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Final panel decision: What should happen to a nurse who visited a patient when he had no clinical need for doing so?

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Find out how the NMC panel acted in this case. Not yet read the case? Read the charge and background here.

The panel bore in mind that its primary function is to protect patients and the wider public interest, which includes maintaining confidence in the nursing profession and upholding the proper standards and behaviour. Having regard to the principles set out in Grant, the panel determined that a finding of impairment was necessary on public interest grounds.

Determination on sanction

The panel considered this case carefully and decided to impose a caution order for a period of two years.The panel considered the aggravating and mitigating factors in this case.

It found the following to be aggravating factors:

  • Nurse A visited Patient A on four occasions despite being aware that Patient A had become emotionally attached to him, and that she was getting distressed when it was time for him to leave after each visit. 
  • Patient A was a particularly vulnerable patient, who was deemed by the home as not having mental capacity regarding major decisions or relationships.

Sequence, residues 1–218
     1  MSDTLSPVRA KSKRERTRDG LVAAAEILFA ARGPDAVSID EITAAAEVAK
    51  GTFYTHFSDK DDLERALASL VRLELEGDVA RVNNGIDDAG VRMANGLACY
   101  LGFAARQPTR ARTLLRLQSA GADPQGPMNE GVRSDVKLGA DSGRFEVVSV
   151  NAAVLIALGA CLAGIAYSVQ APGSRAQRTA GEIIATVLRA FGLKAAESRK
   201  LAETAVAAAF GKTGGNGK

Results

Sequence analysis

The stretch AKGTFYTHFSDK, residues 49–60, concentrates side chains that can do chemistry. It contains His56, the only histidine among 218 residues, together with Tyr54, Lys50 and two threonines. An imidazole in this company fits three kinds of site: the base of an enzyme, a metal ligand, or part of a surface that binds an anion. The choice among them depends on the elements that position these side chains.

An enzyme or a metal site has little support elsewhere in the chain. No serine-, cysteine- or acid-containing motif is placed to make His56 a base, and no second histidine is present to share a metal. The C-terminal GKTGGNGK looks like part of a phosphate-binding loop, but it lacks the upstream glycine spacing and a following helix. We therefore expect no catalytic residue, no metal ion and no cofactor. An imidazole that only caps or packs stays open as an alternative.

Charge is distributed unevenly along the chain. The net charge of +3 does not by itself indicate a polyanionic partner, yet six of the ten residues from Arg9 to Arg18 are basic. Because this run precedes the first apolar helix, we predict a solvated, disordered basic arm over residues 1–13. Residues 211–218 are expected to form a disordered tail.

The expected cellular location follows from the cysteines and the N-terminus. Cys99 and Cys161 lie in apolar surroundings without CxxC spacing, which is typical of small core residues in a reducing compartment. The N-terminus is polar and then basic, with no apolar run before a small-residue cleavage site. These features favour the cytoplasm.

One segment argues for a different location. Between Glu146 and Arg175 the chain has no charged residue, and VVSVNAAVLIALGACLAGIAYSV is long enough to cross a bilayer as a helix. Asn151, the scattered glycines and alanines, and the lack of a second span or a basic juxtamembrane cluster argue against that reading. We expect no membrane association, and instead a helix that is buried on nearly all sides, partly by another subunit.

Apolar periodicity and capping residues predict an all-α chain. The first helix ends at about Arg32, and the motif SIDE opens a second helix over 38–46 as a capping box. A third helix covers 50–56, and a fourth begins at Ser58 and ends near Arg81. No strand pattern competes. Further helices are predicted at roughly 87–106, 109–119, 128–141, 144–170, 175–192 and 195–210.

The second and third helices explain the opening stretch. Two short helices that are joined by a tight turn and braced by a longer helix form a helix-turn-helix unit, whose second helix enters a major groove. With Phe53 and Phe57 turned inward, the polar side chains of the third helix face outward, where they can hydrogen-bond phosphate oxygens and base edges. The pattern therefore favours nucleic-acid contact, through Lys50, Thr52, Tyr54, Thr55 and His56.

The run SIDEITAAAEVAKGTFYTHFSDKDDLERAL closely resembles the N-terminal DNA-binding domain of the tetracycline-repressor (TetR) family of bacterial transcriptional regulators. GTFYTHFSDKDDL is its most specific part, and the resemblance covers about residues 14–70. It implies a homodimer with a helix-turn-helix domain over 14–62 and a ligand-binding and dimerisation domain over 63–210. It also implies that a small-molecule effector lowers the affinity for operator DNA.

The panel found the following to be mitigating factors:

  • Nurse A fully engaged with his regulator in these proceedings and made early admissions to all charges.
  • Nurse A demonstrated some insight into the seriousness of his actions and their implications on Patient A, his colleagues and the reputation of the nursing profession. There is also evidence of remorse and remediation.
  • His clinical practice and abilities have not been called into question and there is no evidence of any previous concerns arising from his clinical practice.
  • The panel did not find any sinister or predatory motive in Nurse A’s actions

The panel decided that a caution order would adequately protect the public interest.

Having considered the general principles above and looking at the totality of the findings on the evidence, the panel determined that to impose a caution order for a period of two years would be the appropriate and proportionate response. It would mark not only the importance of maintaining public confidence in the profession, but also send the public and the profession a clear message about the standards required of a registered nurse.


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